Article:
Terry Anderson Kayak Log
May 7, 2006
Raritan River Martins Creek (boat ramp at end of Meadow Rd, Edison Township)
I put in at a small Edison Township park with a boat ramp. There is a fee to launch from a trailer, but no charge for hand carried boats. There were very few boats on the river. I chose to go up stream. A quarter of a mile upstream on the south (left) bank two small streams join just as they reach the river (Google Earth Placemark *). In the mouth is a old rusting ferry labeled as from New York, so evidently used on the Hudson. It and another large rusting boat nearly block the mouth, but a kayak or canoe can easily pass. The left of the two streams (the one most down stream) can be followed for a quarter of a mile or so past decaying old barges before it gets to shallow for a kayak. The right of the two streams is longer and can be followed for about a mile and a quarter before reaching the bottom of dam at Westons Mill Pond, where I turned around.
The stream is easy paddling, little or no current when I was there. I fact when I quit paddling to observe birds, I found I drifted upstream. The Raritan River and even these side streams are still tidal and since the tide was flowing the current was upstream but very slow. The stream width is at least three-quarters filled with reeds and the birds were numerous. Occasionally side channels extended into the reeds but dead-ended in a 100 feet or so. The stream passes a few houses and continues under the NJ Turnpike and behind some hotels and office buildings but for most of its length little or no development is visible so it is amazingly wild and natural of a location so close to New Brunswick.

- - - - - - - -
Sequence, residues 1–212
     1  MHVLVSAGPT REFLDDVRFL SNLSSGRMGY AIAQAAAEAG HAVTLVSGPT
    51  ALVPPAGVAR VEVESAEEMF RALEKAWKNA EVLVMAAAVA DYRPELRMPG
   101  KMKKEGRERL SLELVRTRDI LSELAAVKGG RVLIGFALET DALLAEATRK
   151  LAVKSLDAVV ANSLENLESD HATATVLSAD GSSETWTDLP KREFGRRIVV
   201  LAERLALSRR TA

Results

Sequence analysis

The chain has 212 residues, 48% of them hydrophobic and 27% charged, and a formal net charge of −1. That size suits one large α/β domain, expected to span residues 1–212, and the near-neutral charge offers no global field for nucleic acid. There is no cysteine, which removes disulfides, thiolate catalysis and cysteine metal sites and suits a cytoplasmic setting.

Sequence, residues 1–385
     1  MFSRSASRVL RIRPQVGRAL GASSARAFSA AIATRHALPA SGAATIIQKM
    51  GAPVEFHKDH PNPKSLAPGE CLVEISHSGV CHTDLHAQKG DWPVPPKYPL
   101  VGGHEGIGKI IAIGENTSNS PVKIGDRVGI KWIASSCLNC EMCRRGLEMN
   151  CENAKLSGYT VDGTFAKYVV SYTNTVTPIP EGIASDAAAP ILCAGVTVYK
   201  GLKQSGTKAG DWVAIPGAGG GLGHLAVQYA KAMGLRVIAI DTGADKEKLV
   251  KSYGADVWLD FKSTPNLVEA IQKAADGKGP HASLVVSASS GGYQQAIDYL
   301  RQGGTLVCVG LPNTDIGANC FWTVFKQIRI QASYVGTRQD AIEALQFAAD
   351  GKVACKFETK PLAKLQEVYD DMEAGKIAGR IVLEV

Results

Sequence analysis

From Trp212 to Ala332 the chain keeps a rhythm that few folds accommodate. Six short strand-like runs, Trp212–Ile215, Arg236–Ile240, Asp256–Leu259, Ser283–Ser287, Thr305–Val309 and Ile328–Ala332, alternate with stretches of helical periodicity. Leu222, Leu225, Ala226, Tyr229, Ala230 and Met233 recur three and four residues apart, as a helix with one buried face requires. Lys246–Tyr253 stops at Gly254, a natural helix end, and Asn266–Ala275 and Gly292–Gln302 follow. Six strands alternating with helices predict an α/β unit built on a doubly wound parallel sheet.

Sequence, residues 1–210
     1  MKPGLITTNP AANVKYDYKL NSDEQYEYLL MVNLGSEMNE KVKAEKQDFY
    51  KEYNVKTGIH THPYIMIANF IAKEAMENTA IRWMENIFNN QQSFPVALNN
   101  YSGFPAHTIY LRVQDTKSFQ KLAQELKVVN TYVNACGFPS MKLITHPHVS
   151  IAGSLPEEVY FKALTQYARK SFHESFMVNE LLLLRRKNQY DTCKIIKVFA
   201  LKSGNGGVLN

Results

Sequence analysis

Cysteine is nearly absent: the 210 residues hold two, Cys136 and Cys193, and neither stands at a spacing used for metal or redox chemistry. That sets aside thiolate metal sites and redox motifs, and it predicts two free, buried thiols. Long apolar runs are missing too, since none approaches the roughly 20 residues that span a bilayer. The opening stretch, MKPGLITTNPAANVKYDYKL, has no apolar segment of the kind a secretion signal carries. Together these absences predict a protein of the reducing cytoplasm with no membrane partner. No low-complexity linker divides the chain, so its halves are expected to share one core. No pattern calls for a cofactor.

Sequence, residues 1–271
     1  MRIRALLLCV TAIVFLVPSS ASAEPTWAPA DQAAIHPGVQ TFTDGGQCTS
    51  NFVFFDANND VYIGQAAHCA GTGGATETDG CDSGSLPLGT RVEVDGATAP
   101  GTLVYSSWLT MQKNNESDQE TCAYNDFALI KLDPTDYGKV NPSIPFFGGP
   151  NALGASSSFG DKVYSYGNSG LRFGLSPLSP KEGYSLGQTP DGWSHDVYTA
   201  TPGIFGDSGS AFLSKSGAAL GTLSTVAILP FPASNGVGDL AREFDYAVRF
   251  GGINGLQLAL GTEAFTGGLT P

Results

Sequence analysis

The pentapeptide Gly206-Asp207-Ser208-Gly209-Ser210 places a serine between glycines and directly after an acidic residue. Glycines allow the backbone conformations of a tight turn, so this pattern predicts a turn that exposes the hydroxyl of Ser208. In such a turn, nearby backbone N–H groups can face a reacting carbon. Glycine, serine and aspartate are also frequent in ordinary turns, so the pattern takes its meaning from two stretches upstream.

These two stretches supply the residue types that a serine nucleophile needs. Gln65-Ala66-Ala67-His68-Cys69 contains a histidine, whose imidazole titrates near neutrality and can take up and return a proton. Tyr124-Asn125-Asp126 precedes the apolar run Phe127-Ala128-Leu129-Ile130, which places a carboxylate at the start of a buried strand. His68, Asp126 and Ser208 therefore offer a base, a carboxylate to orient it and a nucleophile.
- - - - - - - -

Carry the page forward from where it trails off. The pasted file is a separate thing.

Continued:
In the first small stream I noticed a hawk circling above. While returning down the creek I noticed three hawks that seemed to be circling together. Occasionally their paths would nearly intersect but most of the time they simply circled separately but in the same circle. There must have been strong updrafts because on each orbit, with no wing motion, they would spiral higher. When each hawk reached some determined altitude, it would dive down to 50 feet or so and then return to circling. They never dived lower so they did not appear to be hunting, just staying in their preferred altitude zone. I was so fascinated that I drifted (upstream unless I paddled occasionally) for 20-30 min just watching them.
After getting back to the stream mouth on the Raritan, I paddled upstream for a mile and a half under the NJ Turnpike/Basilone and the US1/College Bridges, turning around at Donaldson Park (also a launch site). The only water craft I encountered on the Raritan were two wave runners, who were reasonably behaved, staying away from me.
* If you have Google Earth installed, you can double-click on the attached Placemark file and it will fly you to a location. If not, you will need to install Google Earth first (available at http://earth.google.com).